Silverton wind farm reaches full output after two years of delays and constraints | RenewEconomy

Silverton wind farm reaches full output after two years of delays and constraints

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The 200MW Silverton wind farm finally reaches full output after two years of delays and constraints caused by grid congestion in the area.

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The 200MW Silverton wind farm near Broken Hill has finally reached full production, nearly two years behind schedule after a series of delays and grid constraints that severely curbed its output.

Silverton is owned by the Powering Australian Renewables Fund, itself a partnership between AGL Energy, QIC and the Future Fund,  and was originally scheduled for completion in mid-2018. All of its 58 turbines were installed that year after construction began in 2017.

However, its output was heavily constrained by the congestion issues in the grid.

Silverton and its neighbouring 52MW Broken Hill solar farm found themselves at the end of a long stringy line and competing for access to the grid – and the problems were worsened when “system strength” issues and other problems were identified last year.

Silverton’s output was heavily constrained during the day, and five solar farms, including Broken Hill located in the West Murray region of the main grid had their output cut in half more than seven months, and the connection and full commissioning of more than a dozen projects, including Silverton, was put on hold.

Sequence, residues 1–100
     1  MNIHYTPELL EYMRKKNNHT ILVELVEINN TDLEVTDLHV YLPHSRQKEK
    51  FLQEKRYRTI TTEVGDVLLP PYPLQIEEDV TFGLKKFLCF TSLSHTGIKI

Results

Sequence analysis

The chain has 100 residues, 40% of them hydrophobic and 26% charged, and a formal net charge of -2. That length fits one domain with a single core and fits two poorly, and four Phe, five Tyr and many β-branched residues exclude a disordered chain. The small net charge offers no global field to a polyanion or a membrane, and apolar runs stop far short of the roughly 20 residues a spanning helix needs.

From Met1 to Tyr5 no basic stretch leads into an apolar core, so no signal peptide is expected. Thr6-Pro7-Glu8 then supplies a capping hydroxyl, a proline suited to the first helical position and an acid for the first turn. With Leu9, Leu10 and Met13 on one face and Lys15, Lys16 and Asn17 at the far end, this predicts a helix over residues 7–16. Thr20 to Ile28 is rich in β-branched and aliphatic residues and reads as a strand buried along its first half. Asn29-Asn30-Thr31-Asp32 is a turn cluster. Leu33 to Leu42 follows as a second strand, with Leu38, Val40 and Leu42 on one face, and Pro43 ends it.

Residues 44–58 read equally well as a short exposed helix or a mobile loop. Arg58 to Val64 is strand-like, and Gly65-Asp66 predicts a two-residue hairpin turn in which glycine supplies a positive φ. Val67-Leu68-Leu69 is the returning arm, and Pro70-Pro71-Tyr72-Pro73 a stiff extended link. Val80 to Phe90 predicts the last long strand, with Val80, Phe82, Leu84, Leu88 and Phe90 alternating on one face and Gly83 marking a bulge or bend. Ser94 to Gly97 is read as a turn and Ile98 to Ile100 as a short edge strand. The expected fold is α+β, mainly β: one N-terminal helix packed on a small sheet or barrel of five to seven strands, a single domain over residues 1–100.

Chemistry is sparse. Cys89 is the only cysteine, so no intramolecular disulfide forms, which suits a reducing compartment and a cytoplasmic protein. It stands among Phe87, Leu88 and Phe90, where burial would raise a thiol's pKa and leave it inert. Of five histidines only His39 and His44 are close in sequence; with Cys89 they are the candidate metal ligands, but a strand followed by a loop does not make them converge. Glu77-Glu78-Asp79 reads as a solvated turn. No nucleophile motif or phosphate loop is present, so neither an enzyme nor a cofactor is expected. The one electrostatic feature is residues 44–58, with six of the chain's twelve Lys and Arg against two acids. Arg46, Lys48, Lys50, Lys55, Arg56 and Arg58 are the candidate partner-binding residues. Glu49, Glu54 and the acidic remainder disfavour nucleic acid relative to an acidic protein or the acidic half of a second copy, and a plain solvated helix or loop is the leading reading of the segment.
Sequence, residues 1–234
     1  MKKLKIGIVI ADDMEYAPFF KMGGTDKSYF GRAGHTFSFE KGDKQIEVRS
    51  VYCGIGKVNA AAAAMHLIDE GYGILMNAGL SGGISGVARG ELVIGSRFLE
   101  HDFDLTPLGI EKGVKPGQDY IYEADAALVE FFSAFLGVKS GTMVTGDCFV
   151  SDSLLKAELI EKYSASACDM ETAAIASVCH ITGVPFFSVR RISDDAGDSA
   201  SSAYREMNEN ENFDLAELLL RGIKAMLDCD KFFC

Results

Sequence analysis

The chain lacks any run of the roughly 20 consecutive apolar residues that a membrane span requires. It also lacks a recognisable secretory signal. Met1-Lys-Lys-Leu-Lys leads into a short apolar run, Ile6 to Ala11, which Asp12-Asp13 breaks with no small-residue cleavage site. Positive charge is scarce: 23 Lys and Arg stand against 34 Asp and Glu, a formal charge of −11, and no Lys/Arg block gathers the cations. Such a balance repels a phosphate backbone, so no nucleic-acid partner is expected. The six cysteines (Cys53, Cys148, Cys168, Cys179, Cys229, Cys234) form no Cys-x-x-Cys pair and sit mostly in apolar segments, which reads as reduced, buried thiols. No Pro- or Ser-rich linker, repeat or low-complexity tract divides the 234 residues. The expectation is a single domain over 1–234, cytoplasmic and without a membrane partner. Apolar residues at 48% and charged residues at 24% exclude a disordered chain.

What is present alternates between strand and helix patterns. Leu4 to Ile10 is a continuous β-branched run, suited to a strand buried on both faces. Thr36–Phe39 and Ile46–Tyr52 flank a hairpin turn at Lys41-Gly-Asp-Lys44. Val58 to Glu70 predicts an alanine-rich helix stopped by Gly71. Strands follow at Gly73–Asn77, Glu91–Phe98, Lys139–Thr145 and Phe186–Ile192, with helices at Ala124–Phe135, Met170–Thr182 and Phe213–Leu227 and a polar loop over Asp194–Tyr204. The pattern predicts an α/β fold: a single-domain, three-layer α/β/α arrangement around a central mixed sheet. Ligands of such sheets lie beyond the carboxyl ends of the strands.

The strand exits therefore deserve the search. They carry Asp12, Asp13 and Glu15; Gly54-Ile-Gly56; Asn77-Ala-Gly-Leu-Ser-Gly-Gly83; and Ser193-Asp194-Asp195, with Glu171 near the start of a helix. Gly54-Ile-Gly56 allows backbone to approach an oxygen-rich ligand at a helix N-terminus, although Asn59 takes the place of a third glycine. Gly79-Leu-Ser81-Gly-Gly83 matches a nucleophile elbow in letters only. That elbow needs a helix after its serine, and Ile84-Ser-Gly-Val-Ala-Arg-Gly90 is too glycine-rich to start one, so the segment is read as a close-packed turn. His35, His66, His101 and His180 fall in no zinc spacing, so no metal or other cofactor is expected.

Those issues were finally resolved in mid April, leading to the solar farms resuming full production, and AEMO drawing up a list of projects that would finally get approval to reach full output. Silverton, it turns out, was near the top of that list and reached full capacity after testing on Wednesday.

AGL Project Director, Adam Mackett, said all 58 turbines at Silverton are now running and generating for the grid at the project, which is located about 25kms north of Broken All in the Barrier Rangers.

“This is a landmark achievement and is expected to generate 780,000 megawatt hours (MWh) of renewable energy each year – enough to power 137,000 homes,” Mackett said in a statement.

“This is one of the largest wind farms in Australia and is located in a fantastic spot for wind-generated energy. The turbines have been generating at night and now have clearance to generate in the day.

“We’d like to thank AEMO and Transgrid who have worked to resolve issues around the Western Murray constraint.The teams involved have done an amazing job in delivering this project and we thank them for their efforts.”

PARF chief executive Geoff Dutaillis said the milestone marks the completion of Powering Australian Renewables’ first development project. “It puts us on track to be a leading investor in, and owner of large-scale renewable energy assets in Australia,” he said.

PARF has a target of 1,000MW of renewable energy capacity, and is also working on the 453MW Coopers Gap wind farm in Queensland, the biggest in that state, which has begun production but is not yet at full capacity.

Mackett said the company intends to hold a community open day to mark the milestone later in the year, when the COVID-19 pandemic restrictions have been eased.

“The project is expected to increase Gross Regional Product by over $700 million during the life of the project which is a great outcome for the Far West region of NSW,” Mackett said.

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